— N. T. Wright, The Day the Revolution Began, p. 80

Your Own Name

Thursday, August 10th, 2017

Forget the face of God, and you forget your own name is Beloved.

— Ann Voskamp, The Broken Way, p. 53

God as Father

Tuesday, August 8th, 2017

My own circle of friends finally noticed that Jesus’ favorite image of God was Father (seventy times in the Gospels!). Jesus showed us in the Gospels what fatherhood meant to him: extravagant love, affirmation, affection and belonging. It meant scandalous forgiveness and inclusion. Jesus showed us this supernaturally safe, welcoming Father-love, extended to very messy people before they repented and before they had faith. Or better, he was actually redefining repentance and faith as simply coming to him, baggage and all, to taste his goodness and mercy. He didn’t seem to appreciate our self-loathing. The repentance he wanted was that we would welcome his kindness into our deepest needs and wounds.

— Bradley Jersak, A More Christlike God: A More Beautiful Gospel, p. 22

Good News!

Monday, August 7th, 2017

If the message that Jesus came to bring is that most people will actually spend an eternity experiencing the most horrible torment conceivable, well, to be honest, I can think of much better news than that! That theological vision does not strike me as good news at all. It certainly does not set my heart on fire with a joyous desire to share this news with as many people as I can. In fact, when I thought that this view of things was indispensable for Christianity, it made me feel anxious to think about and embarrassed to talk about. God, it seemed to me, had a dark side underneath the veneer of grace and goodness, contrary to how John summed up the meaning of Jesus’s message that “God is light, and in him there is no darkness at all” (1 John 1:5).

There is, however, a theological vision that does strike me as good news, indeed as the best news possible for the world. It is a vision that fills my heart and soul with grateful awe and joyful excitement. It is a vision that I believe is Christ-centered, biblically-grounded, spiritually-compelling, and life-inspiring. In this book, we are concerned with understanding and evaluating a specific Christian vision of God and God’s relationship to humanity known as Christian universalism. Although this view will be fleshed out throughout the book, we can define it initially and simply as the belief that ultimately every person will be saved through Christ.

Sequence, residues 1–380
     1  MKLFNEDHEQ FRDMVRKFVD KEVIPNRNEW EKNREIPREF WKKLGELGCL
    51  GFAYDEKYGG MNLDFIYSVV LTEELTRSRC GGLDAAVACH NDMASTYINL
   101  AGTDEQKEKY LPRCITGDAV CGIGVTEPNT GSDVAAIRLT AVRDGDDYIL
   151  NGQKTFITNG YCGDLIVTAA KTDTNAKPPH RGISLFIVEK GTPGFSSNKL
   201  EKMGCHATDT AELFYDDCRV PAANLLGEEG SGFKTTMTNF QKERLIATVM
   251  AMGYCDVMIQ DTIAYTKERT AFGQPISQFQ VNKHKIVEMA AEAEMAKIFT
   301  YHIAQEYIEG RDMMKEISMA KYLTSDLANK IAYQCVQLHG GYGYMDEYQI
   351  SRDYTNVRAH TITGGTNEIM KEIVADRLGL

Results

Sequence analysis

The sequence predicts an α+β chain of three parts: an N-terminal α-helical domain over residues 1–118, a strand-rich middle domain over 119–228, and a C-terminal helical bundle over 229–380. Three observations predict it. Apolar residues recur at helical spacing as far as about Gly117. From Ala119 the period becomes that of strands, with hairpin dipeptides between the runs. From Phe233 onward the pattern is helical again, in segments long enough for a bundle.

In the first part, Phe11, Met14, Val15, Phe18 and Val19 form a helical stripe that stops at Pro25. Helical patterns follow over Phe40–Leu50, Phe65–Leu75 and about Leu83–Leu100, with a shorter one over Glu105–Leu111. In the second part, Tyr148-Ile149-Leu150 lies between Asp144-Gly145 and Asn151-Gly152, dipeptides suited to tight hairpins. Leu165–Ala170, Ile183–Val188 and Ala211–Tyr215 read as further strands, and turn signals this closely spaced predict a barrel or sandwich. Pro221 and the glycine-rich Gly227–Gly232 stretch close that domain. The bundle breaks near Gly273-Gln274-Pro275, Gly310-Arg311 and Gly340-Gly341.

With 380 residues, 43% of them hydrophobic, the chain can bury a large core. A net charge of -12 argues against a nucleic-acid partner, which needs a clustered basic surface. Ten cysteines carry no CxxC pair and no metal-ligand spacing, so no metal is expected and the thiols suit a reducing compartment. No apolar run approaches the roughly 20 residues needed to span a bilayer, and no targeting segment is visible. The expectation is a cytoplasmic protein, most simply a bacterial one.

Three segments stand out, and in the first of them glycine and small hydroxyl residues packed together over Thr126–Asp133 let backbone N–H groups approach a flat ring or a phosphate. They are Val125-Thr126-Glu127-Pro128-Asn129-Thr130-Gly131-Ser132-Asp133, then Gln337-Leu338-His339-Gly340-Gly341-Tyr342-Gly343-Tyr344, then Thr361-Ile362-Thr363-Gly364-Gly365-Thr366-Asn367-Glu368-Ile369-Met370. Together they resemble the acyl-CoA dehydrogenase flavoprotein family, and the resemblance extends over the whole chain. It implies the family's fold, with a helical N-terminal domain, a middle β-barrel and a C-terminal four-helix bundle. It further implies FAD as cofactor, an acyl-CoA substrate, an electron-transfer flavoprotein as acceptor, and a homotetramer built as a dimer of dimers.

— Heath Bradley, Flames of Love, p. 2

Faith Among the Shambles

Sunday, July 16th, 2017

In arguing with Job, their understandable concern is that in the depths of this man’s despair his thoughts seem to be irreverently taken up with the collapse of God’s good favor towards him, rather than with the collapse of his own faith. The supreme irony of this judgment is that really it is they who, by clinging to their theology of successful living or else, show themselves to be lacking faith in God, while Job, by honestly and passionately facing the shambles that his life has become, proves that in the pit of his heart he trusts his Lord.

— Mike Mason, The Gospel According to Job, p. 82

Healing Repentance

Monday, July 10th, 2017

Sin and suffering are not natural opposites. The opposite of evil is good, not suffering. The opposition of sin is not suffering, but righteousness. The path across the gulf that divides right from wrong is not the fire, but repentance.

If my friend has wronged me, will it console me to see him punished? Will that be a rendering to me of my due? What kind of friendship would I be ft for if that were possible, even with regard to my enemy? But would not the shadow of repentant grief, the light of reviving love on his face, heal it at once, however deep the hurt had been?

— George MacDonald, Unspoken Sermons, Third Series, “Justice,” quoted in Discovering the Character of God, compiled by Michael Phillips, p. 259.

Very Different

Saturday, July 8th, 2017

The novel we sit down to write and the one we end up writing may be very different, just as the Jesus we grasp and the Jesus who grasps us may also differ.

— Madeleine L’Engle, Walking on Water, quoted in Madeleine L’Engle, Herself, compiled by Carole F. Chase, p. 14